Trade Union JHL is starting a series of political strikes from Northern Finland and Oulu region on Tuesday 7 November. During the week, political strikes are also organised in Southwest Finland and Eastern Finland.
The Trade Union for the Public and Welfare Sectors JHL is tightening its grip in the struggle against the Government’s policy of making cuts. The trade union is organising a series of political strikes that will last one day.
The strikes will start in Northern Finland and Oulu region on Tuesday 7 November. They will hit Southwest Finland on Wednesday 8 November and Eastern Finland on Thursday 9 November. There are dozens of strike locations around Finland. A list of all the locations is attached.
The strikes will affect the operations of, say, sports facilities, waste stations and laundry and catering services. In Turku, a strike will target public transport as the JHL members of Turun kaupunkiliikenne Ltd will go on strike on Wednesday 8 November. In addition, the JHL members working for Turku Energia will be striking on 8 November.
JHL President Päivi Niemi-Laine hopes that the political strikes will finally make the Government wake up. Thus far, Prime Minister Petteri Orpo (National Coalition Party) and Minister of Finance Riikka Purra (Finns Party) haven’t agreed to meetings or to consider sensible alternatives to the cruel cuts.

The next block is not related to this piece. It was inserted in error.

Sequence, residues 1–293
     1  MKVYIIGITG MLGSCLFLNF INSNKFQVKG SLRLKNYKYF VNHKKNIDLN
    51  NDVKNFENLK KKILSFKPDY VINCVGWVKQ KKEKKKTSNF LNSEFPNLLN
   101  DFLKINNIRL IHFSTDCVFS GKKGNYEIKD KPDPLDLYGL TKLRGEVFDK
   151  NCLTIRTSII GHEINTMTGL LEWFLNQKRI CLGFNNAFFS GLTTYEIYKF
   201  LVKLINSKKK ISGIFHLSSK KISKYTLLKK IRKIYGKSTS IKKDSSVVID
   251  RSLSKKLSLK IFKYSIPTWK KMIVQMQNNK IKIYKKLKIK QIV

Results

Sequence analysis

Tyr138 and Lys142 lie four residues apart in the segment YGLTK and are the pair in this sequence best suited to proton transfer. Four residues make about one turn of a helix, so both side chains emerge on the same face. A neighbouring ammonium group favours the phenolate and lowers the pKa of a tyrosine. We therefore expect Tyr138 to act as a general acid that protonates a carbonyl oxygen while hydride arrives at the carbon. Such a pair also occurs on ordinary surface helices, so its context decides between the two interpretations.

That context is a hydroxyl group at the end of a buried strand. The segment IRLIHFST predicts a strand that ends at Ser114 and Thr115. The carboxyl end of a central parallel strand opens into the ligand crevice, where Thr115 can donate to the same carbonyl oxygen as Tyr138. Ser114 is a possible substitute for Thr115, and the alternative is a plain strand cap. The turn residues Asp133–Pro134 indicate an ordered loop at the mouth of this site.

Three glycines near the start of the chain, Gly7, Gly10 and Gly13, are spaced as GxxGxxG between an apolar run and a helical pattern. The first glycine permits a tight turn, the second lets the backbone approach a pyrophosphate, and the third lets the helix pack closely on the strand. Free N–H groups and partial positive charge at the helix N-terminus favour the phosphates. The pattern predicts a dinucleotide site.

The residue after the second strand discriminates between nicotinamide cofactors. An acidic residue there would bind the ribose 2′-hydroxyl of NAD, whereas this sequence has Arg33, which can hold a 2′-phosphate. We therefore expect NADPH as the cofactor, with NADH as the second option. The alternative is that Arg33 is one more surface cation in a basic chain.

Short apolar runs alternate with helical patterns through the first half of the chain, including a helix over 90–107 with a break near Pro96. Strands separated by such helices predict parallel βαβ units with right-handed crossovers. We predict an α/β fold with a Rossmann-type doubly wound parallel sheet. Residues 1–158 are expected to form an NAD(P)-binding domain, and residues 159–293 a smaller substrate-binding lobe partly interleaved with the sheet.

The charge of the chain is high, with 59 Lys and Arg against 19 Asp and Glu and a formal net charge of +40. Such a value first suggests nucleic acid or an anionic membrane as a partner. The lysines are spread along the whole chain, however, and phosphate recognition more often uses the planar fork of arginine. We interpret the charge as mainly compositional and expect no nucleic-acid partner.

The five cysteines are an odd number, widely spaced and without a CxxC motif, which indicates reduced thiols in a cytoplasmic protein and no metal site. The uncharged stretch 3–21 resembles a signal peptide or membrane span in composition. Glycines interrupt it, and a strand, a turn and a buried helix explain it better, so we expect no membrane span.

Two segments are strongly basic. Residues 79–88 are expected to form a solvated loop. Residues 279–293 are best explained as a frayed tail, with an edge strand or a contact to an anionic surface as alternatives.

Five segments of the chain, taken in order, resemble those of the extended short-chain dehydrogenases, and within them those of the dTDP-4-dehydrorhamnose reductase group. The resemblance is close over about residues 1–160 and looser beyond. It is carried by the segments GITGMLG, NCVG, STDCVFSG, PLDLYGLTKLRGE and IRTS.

– We’re now forced to start defending our members’ terms and conditions of employment with strikes. We’re ready to take even tougher measures if the Government continues with its stubborn policy, Niemi-Laine highlights.
The Government of Finland is planning to weaken social security and basic employee rights dramatically. For instance, if the first sick day was unpaid, it would be a hard blow to those with low pay. In practice, they cannot afford to be sick without pay.
– Many of our members work with elderly people and children. Does the Government really want to put these people at risk of infection if they’re cared for by a sick employee? Niemi-Laine asks, astonished.
The Government also wants to bury for instance the low-paid employees of the nursing sectors in an eternal pay gap. This will happen if no other sector is going to get larger pay raises than the export industry.
– Those caring for children and elderly, cleaners, school cafeteria cooks and numerous other professionals are apparently second-class citizens according to the Government, and they shouldn’t be paid a proper salary for their important work. This is downright outrageous, Niemi-Laine underlines.
JHL’s strikes are a part of central organisation SAK’s Serious Grounds campaign. The campaign opposes the Government’s unfair policy of making cuts. Next week, strikes will also be organised by Service Union United PAM, the Finnish Construction Trade Union, and the Industrial Union.
JHL President Päivi Niemi-Laine 040 702 4772
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